Our century is a futuristic one: we like assumptions, promises, we became geniuses of forecasting algorithms, and the memories we are now used to are those suggested by our iPhones or Instagram accounts. The veneration of the past and the hysteria of the future are the reactions of two generations that find themselves in the same backlash of a traumatic world event, two sides of the same coin, one could say. All crises have the same paradoxal property of earthquakes: to destroy and rebuild from a clean slate, questioning the failure of the old foundations to re-design new ones.
In theory, the current pandemic gives us the same chance: it is a global event that affected all parts of society and forced us to take a stand as individuals, as companies, as governments. Many have already made up their minds and feel ready to evaluate how we reacted to the crisis: some seek impartiality in the analysis of the numbers while others criticize, focused on their (legitimate) interests and concerns. We have never been so scholarly about the decrees and various sources of law that re-define, almost on a weekly basis, our freedoms as citizens. But there is a less tangible change ongoing beneath the surface of these uncountable variations, a slower and deeper change that affects our values and that could make us the first generation to inherit a narrower and darker worldview than our parents’.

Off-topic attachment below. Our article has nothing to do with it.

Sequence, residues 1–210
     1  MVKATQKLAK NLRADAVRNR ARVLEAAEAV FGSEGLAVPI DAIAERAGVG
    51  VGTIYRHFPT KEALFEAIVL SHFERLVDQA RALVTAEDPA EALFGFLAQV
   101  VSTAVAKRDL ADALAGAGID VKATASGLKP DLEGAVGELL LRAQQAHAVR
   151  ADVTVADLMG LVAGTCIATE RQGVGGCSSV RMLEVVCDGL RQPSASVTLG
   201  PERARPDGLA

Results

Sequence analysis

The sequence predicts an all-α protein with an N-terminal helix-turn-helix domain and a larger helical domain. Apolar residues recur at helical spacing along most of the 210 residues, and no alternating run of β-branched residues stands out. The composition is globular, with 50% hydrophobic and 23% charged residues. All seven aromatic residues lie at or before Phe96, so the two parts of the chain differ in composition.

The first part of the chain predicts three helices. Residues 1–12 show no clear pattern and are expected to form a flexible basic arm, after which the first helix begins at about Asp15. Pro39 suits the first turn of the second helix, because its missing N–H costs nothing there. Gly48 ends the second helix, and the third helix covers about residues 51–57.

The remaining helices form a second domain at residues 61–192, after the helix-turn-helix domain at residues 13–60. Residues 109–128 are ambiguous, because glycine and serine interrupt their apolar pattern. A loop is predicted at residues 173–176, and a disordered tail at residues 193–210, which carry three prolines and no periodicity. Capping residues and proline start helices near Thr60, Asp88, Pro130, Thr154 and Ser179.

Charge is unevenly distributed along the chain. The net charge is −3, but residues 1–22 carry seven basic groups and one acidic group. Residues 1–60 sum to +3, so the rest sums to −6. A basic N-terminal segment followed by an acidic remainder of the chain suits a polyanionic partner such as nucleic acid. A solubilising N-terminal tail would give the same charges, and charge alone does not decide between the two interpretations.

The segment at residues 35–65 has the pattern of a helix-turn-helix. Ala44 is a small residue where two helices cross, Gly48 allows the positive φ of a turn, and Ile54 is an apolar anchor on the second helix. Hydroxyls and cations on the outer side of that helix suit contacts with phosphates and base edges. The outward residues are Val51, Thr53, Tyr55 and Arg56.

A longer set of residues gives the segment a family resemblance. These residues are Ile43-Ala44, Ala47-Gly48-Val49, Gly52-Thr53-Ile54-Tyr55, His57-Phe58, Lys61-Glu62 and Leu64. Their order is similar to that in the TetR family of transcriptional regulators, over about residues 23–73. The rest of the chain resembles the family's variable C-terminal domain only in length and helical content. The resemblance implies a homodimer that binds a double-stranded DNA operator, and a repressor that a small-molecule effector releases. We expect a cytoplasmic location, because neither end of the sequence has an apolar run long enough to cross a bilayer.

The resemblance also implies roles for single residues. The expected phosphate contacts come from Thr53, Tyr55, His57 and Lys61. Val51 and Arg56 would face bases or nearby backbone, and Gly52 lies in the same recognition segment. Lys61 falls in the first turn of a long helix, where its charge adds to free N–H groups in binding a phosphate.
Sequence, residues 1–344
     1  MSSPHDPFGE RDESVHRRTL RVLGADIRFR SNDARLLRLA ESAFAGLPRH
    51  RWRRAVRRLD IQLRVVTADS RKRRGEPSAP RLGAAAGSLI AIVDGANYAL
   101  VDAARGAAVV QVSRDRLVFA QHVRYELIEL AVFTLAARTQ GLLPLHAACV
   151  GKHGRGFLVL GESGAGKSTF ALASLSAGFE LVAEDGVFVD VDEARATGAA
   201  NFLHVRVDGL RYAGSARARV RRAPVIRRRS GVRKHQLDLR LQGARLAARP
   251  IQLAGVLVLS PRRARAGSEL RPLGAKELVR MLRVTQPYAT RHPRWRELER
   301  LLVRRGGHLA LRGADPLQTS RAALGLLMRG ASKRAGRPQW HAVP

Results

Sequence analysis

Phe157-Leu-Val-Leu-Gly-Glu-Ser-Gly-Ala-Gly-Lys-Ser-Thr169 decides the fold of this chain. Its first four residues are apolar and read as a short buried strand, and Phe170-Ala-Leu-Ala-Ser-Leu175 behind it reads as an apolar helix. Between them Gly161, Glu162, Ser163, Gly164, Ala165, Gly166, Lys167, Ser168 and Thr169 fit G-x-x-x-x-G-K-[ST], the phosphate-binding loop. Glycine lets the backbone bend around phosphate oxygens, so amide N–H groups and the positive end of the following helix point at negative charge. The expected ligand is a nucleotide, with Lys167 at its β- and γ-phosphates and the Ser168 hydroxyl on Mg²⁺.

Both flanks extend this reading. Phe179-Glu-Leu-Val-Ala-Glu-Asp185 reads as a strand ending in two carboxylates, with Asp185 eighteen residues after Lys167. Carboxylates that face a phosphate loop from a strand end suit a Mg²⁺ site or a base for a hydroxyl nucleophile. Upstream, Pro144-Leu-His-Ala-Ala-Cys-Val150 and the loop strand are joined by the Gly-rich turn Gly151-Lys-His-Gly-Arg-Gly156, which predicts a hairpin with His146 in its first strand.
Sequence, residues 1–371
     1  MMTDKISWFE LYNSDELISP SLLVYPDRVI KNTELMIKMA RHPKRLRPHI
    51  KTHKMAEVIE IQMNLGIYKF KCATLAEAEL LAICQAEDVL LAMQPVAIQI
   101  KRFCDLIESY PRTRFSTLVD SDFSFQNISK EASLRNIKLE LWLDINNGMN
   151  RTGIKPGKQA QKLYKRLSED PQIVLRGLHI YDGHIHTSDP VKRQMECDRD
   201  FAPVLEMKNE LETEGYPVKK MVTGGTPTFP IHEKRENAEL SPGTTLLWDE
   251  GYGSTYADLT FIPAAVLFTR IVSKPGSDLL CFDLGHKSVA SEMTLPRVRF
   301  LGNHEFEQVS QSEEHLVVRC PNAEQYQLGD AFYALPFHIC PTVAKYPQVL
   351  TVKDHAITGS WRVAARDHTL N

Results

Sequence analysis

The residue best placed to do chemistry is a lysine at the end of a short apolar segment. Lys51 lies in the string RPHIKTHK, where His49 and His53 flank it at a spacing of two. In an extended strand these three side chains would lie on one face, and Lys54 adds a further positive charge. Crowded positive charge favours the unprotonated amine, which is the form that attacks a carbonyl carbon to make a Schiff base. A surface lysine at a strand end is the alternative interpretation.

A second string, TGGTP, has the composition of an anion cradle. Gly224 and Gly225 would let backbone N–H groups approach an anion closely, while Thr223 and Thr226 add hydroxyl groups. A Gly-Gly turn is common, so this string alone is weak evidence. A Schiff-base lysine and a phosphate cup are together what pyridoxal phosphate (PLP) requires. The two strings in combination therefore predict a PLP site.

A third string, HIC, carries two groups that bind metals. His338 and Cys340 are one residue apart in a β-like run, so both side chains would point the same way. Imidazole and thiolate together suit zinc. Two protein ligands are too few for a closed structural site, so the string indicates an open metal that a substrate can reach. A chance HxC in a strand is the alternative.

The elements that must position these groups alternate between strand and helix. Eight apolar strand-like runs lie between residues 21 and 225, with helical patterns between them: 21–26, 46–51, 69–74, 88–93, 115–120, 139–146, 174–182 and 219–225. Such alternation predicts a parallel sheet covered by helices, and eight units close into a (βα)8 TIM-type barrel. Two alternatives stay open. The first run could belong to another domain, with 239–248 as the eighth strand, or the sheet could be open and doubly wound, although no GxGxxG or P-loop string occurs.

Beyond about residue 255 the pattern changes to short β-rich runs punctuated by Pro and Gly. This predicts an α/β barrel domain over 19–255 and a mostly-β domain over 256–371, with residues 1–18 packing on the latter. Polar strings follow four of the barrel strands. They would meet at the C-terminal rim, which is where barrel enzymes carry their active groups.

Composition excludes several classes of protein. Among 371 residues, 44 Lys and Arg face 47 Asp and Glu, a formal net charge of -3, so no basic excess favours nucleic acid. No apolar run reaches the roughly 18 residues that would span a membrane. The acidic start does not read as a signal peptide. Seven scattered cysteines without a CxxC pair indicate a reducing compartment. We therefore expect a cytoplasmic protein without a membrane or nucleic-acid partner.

Continuing our journey through the de La Tour exhibition, we now arrive in one of the last rooms of Palazzo Reale where another night scene piece is presented: Saint Sebastian with lantern. In his peculiar triptych composition, it is the light that, as usual, becomes the main protagonist and sets the characters in a triangle disposition. On the left, in the semi-darkness middle of the painting, the Saint is lying peacefully while Irene is sitting on the right, her face glowing in the radiant light. Above, in the centre, stands the servant.